stage, chiding the crowd for being
noisy, criticizing his critics, and,
generally hamming it up as much as
At the last encore Jackson stood,;
head in hands, obviously trying to think
of what he was supposed to do next. Bt.
it was all a put on. Without warning he,
burst into "I'm the Man," a harrowing,
loud song that proved a fitting con-
clusion for a performer who had just;
captured Hill Auditorium and held it in;
complete control for two-and-a-half

Joe Jackson and band, centerstage at Hill Auditorium.

.PBS bounces
back from
budget cuts

S NEW YORK (AP) - The Public
Broadcasting Service, facing an uncer-
tain future with government support on
the decline, begins the 1982-83 season
appearing, on thescreen, as robust as
Back are some of the non-
commercial network's most popular
series - "Masterpiece Theater,"
"Nova," "Great Performances,"
"Mystery," - with "American
Wlayhouse," the drama anthology in-
troduced to considerable acclaim last
season, scheduled to return in January.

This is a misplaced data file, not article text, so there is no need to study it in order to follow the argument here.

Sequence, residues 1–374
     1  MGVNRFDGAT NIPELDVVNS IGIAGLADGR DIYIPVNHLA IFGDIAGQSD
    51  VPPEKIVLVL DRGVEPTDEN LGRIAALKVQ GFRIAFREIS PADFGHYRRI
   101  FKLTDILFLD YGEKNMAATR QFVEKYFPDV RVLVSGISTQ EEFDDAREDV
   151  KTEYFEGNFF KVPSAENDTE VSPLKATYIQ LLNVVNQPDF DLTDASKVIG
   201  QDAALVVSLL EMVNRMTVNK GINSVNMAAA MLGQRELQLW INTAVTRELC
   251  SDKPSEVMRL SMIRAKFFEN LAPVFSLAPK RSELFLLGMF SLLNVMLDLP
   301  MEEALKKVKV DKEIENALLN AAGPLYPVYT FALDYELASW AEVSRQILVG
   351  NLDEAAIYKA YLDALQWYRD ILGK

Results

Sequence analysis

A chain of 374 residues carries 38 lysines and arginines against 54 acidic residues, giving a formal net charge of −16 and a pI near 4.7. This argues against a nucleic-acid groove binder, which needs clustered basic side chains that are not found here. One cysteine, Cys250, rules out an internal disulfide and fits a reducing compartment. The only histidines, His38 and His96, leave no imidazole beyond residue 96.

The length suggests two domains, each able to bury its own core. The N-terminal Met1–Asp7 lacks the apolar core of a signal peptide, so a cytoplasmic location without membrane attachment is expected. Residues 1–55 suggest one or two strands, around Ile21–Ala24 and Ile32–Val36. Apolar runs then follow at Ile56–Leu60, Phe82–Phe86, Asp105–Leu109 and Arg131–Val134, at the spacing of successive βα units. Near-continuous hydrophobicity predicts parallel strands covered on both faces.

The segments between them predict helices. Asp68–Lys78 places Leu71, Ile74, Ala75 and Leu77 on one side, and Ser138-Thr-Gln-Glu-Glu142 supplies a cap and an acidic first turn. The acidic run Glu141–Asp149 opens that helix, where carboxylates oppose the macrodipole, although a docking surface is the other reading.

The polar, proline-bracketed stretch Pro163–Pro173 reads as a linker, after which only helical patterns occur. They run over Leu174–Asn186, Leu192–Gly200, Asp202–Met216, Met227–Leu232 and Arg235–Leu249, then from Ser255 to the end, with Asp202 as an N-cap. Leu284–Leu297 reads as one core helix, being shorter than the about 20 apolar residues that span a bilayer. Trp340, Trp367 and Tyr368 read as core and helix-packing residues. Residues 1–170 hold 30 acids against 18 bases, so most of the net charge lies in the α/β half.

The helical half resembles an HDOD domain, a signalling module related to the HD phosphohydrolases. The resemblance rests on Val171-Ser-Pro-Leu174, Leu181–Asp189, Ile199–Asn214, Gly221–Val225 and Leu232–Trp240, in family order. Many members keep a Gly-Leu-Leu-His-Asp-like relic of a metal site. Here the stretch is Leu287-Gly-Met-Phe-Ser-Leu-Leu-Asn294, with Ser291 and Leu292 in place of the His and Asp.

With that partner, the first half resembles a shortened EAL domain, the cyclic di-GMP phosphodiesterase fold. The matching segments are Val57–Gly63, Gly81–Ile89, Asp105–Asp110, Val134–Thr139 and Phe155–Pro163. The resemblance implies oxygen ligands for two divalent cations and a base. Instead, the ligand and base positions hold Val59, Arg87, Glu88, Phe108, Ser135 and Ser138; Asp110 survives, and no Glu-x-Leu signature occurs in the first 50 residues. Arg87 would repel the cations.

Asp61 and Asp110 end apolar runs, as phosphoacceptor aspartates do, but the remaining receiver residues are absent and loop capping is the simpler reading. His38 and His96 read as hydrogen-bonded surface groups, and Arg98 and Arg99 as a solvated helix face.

The long-awaited "American
Playhouse," which began its inaugural
season with an original television play
by the late John Cheever, will return
Jan. 18 with a live television broadcast
of Thornton Wilder's "The Skin of Our
Teeth," from the old Globe Theater in
San .Diego. The series plans 22
programs for the season.
L The PBS schedule for the fall includes
ive new series to go with the dozen con-
tinuing shows from previous seasons, a
full lineup of public affairs programs,
and a host of television ducumentaries
and specials.
Sunday, Oct. 10, is Premiere Night,
though "Great Performances" will
begin its 10th season the evening of Oct.
4 with a "Live from Lincoln Center"
performance from the New York City
Ballet's recent Stravinsky Centennial
In addition, severalspecial programs
will be broadcast in the week preceding
Oct. 10, including "The Case of Dashiell
Hammett" and a "World Special,"
"The Killing of Sadat," on Oct. 6, "Der
Rosenkavalier" on "Live from the
Met" Oct. 7, and a documentary called
"The Willmar S" on Oct. 8. Political
commentator Mark Shields returns
with "Inside Washington," in 13 parts
on Oct. 9.
* The season's new shows include two
science series, "Nature" in 13 parts,
starting Oct. 10, and "Wild America," a
14-part -production, scheduled to
premiere Oct. 14. The others are
"Screenwriters: Word Into Image,"
starting Oct. 10, and "Six Great Ideas
with Mortimer Adler and Bill Noyers"
and "The Magic of Dance," with
Margot Fonteyn, both to debut Oct. 25.
"Masterpiece Theater" returns for
*ts 12th season on Oct. 1 with the first
episode in a 13-part adaptation of R. F.